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Medvedev: Crimea development priority on Russian govt agenda

April 02, 2014, 2:12 UTC+3 GORKI
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GORKI, April 01. /ITAR-TASS/. Accelerated development of the Republic of Crimea and the city of Sevastopol will be among priorities during work to draft Russia’s federal budget, Russian Prime Minister Dmitry Medvedev said at a meeting to discuss the budget for state programs.

Medvedev recalled that the federal budget has since recently been drafted on the basis of a program approach.

“At the previous meeting, I gave instructions that two key priorities should be taken into account during adjustment of state programs: implementation of the May decrees of the Russian president and implementation of measures to develop the Far East,” Medvedev said.

“Now I would like to outline a third priority, which, I think, is evident for you: one of the most important tasks is to develop the Crimean Peninsula: the Republic of Crimea and the city of Sevastopol,” he said.

The May decrees on the policy in the economic, social, healthcare and other spheres were signed by President Vladimir Putin shortly after he assumed office in May 2012.

The Republic of Crimea and Sevastopol, a city with a special status on the Crimean Peninsula, where most residents are Russians, signed agreements to reunify with Russia on March 18 after a referendum two days earlier in which an overwhelming majority of Crimeans voted to secede from Ukraine and join the Russian Federation.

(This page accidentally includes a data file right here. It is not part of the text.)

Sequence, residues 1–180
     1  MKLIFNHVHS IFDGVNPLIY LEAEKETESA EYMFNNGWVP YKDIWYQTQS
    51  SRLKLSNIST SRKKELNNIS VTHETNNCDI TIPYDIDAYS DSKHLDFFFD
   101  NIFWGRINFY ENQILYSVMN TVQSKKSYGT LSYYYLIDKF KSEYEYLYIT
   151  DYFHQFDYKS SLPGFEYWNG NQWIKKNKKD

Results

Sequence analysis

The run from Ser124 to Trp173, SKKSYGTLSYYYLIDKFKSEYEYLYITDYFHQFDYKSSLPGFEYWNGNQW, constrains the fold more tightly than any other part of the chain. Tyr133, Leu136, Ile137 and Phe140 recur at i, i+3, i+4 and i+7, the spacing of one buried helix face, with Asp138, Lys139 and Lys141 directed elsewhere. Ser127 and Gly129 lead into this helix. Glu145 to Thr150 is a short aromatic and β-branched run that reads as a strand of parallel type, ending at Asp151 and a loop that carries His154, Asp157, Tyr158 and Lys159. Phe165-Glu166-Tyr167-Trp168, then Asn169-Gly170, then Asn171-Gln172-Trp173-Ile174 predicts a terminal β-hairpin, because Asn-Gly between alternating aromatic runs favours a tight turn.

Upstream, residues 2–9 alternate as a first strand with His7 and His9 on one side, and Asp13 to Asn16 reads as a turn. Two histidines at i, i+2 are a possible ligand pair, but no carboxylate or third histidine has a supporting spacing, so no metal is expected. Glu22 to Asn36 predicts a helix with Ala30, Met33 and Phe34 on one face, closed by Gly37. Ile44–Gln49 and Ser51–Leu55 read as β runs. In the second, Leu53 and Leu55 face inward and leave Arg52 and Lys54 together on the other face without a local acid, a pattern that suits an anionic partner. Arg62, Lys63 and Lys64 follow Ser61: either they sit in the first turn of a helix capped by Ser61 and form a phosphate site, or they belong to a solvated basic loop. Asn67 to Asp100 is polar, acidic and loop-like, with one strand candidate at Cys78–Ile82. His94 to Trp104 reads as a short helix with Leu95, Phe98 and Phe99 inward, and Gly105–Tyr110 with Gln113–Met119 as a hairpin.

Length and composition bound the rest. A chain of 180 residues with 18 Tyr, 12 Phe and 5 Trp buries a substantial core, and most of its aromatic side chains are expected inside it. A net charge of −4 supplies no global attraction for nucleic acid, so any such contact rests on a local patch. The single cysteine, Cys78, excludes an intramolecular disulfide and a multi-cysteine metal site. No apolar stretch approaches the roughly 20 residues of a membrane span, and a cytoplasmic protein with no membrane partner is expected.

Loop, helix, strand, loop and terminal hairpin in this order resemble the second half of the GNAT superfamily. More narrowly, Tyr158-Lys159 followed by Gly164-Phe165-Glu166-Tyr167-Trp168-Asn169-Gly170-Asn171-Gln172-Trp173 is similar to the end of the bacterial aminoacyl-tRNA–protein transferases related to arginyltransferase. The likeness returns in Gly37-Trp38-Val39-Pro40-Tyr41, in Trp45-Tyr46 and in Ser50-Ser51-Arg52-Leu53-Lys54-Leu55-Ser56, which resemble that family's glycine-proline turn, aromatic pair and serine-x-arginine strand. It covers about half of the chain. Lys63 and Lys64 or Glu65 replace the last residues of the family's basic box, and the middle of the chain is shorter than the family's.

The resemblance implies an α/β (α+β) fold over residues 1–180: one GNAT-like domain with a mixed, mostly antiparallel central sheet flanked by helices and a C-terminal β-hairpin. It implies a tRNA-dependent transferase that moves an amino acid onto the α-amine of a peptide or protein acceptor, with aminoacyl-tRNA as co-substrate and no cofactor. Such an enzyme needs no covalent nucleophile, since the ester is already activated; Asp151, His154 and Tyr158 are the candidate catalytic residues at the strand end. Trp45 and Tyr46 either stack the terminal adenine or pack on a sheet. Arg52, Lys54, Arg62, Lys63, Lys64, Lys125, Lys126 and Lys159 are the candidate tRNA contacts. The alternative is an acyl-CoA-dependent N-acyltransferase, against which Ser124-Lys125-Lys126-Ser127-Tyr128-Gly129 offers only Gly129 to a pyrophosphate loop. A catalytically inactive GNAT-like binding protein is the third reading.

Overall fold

The developments followed a coup in Ukraine in February that occurred after months of anti-government protests, which often turned violent. President Viktor Yanukovich had to leave Ukraine citing security concerns. Crimea’s authorities do not recognize the new self-proclaimed Ukrainian leadership in Kiev. Nor do Russia’s authorities.

Medvedev also said that government officials were able to see what work will have to be carried out in Crimea with their own eyes on Monday, when the premier held a government meeting in Crimea’s capital Simferopol.

“We must work quickly, trying to resolve the most pressing tasks facing Crimea’s economy and the peninsula’s social sphere,” he said.

In the Soviet Union, Crimea used to be part of Russia until 1954, when Nikita Khrushchev, the first secretary of the USSR’s Communist Party, transferred it to Ukraine's jurisdiction as a gift. With the collapse of the Soviet Union in 1991, Crimea became part of newly independent Ukraine.

According to the Crimean and Ukrainian statistics bodies, as of early 2014, Crimea had a population of 1,959,000 people, and Sevastopol has a population of 384,000 people.

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